3. Scenarios, stories, and examples
While compliance is often seen as abstract or legal, the training for it needs to be both believable and relevant. In high school, we needed to memorize abstract theories and then regurgitate them for an exam. Providing the same experience for employees will not make them do their jobs better.
By providing scenarios and stories that are realistic and relevant, and that mimic the situations in which employees are likely to find themselves, employees will be able to apply the learning to similar, real-life situations.
While scenarios and stories can help by providing examples of how to act in certain circumstances, go even further: develop different versions of compliance training tied to job roles or seniority.
Targeting information to people who do specific jobs increases relevance and helps learners understand how regulations apply to their work, increasing engagement.
5. Learning in the moment of need
Not only are the day-long, in-person trainings a thing of the past, but so are eLearning trainings that last for hours on end. Instead, learning needs to be made available when employees need it most.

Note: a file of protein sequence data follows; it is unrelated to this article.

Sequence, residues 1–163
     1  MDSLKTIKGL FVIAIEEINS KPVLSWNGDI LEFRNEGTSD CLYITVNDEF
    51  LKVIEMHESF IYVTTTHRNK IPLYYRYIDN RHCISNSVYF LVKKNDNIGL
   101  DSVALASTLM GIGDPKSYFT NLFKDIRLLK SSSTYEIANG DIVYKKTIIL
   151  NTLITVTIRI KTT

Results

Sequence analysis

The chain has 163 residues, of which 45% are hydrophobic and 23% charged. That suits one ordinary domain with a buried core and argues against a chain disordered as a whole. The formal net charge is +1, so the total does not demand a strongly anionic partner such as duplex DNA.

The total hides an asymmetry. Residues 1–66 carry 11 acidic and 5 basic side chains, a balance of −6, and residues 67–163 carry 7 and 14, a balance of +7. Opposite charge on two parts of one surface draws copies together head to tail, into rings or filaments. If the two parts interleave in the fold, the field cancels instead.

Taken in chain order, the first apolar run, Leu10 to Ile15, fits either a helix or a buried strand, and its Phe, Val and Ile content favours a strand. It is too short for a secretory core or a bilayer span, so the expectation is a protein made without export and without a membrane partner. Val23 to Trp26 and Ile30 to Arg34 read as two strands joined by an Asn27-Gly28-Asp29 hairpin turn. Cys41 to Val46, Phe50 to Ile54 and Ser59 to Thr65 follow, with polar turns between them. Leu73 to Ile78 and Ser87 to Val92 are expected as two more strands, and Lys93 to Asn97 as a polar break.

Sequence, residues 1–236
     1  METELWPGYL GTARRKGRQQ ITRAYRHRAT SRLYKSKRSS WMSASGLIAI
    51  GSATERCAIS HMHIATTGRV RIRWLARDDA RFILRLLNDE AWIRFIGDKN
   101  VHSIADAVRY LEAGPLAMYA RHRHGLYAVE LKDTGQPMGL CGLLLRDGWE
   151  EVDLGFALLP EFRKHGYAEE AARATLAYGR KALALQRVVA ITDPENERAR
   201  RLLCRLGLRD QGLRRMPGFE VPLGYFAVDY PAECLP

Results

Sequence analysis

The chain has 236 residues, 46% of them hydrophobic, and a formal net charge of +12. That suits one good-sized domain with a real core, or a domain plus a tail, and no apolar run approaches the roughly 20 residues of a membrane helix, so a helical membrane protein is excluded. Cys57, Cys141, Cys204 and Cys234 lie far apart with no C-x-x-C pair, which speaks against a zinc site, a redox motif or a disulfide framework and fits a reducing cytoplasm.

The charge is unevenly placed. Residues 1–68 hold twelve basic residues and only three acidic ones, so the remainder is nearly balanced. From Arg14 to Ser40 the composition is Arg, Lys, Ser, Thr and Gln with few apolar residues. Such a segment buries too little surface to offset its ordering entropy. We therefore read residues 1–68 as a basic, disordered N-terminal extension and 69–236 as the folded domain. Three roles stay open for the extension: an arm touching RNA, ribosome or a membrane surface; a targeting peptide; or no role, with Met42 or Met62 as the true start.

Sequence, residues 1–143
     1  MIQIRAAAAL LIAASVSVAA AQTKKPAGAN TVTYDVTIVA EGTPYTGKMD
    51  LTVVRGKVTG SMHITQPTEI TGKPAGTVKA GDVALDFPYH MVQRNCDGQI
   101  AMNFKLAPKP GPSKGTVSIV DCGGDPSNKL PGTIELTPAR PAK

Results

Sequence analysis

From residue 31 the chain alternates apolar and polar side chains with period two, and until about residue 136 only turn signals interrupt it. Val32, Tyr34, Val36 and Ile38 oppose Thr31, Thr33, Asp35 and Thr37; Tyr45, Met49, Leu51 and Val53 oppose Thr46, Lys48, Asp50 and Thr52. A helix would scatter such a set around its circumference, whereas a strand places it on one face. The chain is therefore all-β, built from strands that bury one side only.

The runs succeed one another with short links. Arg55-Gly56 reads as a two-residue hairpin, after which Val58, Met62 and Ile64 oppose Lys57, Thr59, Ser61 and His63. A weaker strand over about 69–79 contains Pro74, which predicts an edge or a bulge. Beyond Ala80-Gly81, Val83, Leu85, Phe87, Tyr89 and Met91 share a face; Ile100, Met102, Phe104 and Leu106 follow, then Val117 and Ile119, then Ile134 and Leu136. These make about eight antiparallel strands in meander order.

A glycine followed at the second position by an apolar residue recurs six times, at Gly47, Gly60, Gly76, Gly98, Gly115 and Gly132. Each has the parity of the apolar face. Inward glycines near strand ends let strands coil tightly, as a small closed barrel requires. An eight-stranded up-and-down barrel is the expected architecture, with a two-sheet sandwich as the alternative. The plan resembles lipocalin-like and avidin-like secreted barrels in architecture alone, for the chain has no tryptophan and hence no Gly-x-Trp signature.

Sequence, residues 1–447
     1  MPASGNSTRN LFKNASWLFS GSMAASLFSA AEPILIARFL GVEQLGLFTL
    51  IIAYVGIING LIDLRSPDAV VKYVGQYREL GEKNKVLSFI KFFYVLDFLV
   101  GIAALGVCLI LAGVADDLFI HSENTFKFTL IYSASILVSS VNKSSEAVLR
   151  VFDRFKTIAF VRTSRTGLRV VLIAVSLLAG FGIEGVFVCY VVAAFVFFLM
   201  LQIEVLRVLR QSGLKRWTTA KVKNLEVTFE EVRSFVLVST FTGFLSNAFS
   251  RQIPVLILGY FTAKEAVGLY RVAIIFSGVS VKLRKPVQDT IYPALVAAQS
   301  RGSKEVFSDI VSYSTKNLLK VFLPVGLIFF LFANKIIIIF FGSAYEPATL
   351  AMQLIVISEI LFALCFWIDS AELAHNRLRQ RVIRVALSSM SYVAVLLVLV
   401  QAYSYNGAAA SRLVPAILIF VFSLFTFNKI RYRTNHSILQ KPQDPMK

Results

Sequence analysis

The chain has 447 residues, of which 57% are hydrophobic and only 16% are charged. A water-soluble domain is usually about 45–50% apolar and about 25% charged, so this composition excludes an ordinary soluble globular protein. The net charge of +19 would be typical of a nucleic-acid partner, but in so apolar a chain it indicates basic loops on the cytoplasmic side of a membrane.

This is primarily driven for two reasons. One is time: employees simply do not have enough time for training, whether for compliance or otherwise. According to Training magazine’s 2020 Training Industry report, companies provide their employees on average with 55.4 hours of training per year. While this is an increase over the previous year, it still only represents a little over one hour per week for training.
The other reason is that employees want to learn at the moment they need to know something to do their jobs better. According to LinkedIn’s 2018 Workplace Learning Report, 49 percent of employees prefer to learn at the moment of need. As such, compliance training could be delivered in this needs-based manner, especially when an employee might be faced with a dilemma that only compliance could address.